What's the difference between $ (document) .ready () and window.onload?


Is there a difference between $(document).ready() e window.onload plus one being JavaScript and the other being jQuery?

I see that both events are triggered as soon as DOM Document Objects) is loaded.

In practice as written:

$(document).ready(function() {


window.onload = function() {

asked by anonymous 08.02.2017 / 13:17

2 answers


The event ready is triggered after the HTML document has been loaded.

onload is only triggered when all content is loaded (including images, videos, etc.).

Notice that ready is specific to jQuery. That is, it does not exist "natively". It is intended to run as fast as possible after loading the document, without having to wait for all the content to be loaded.

Example of document.ready using a heavy image

  console.log('Ready disparado');
<script src="https://ajax.googleapis.com/ajax/libs/jquery/2.1.1/jquery.min.js"></script><div>Meuconteúdo</div><imgsrc="http://joumxyzptlk.de/pics/normal/unigine/Unigine%20Valley%2010k%20(10240x5760)%20-%20000.jpg" />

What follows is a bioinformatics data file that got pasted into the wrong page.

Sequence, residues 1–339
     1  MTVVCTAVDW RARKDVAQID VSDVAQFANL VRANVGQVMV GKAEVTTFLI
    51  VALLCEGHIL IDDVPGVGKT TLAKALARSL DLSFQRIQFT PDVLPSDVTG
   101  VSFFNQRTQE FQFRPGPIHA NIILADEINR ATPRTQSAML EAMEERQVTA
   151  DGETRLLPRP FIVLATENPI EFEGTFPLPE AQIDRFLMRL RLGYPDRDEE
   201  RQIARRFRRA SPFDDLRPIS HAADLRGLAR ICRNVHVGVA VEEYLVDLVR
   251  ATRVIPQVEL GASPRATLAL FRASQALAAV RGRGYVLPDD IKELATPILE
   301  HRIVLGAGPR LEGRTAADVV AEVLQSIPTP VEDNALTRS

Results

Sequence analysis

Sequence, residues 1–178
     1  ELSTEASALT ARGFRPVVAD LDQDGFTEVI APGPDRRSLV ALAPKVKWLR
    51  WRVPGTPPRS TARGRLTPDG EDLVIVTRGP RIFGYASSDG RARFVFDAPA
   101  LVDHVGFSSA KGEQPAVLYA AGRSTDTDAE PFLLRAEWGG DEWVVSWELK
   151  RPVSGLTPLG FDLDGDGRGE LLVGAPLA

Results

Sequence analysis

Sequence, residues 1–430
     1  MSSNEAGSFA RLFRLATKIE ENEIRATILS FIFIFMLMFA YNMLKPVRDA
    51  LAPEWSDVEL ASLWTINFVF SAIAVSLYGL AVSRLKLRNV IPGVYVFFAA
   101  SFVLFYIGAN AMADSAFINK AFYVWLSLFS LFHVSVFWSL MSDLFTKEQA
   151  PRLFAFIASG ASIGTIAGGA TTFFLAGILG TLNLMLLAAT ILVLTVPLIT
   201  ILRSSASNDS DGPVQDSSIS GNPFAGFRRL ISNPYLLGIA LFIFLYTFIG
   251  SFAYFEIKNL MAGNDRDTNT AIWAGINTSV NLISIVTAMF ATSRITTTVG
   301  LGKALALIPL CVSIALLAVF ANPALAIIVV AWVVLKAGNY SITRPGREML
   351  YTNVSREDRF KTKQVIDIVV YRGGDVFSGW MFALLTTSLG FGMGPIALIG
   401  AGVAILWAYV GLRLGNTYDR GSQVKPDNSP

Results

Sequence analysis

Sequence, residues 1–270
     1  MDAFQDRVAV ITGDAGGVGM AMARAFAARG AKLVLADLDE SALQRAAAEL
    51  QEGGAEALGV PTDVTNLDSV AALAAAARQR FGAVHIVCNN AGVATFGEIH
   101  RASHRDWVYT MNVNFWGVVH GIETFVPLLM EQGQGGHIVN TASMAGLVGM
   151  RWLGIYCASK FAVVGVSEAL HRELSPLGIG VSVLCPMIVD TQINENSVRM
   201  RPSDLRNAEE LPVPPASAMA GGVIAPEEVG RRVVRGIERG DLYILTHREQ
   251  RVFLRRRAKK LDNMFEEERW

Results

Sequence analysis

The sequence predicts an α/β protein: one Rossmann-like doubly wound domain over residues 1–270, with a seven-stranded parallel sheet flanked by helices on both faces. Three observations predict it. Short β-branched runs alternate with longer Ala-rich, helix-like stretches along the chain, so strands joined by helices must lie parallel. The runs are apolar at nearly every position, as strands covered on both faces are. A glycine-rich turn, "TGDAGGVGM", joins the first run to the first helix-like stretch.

Example of onload

window.onload = function(){
  console.log('Onload disparado');
<div>Meu conteúdo</div>

<img src="http://joumxyzptlk.de/pics/normal/unigine/Unigine%20Valley%2010k%20(10240x5760)%20-%20000.jpg"/>

The DOMContentLoaded event has the same intent as ready .


document.addEventListener("DOMContentLoaded", function(event) {
  console.log("DOM completamente carregado e analisado");

for(var i=0; i< 1000000000; i++)
<div>Meu conteúdo</div>
08.02.2017 / 13:28

The ready event occurs after the HTML document has been loaded, while the onload event occurs later, when all content (for example, images) has also been loaded.

The onload event is a default event in the DOM, while the ready event is specific to jQuery. The purpose of the ready event is that it should occur as soon as possible after the document is loaded, so that code that adds functionality to the elements on the page does not have to wait for all content to load.


08.02.2017 / 13:28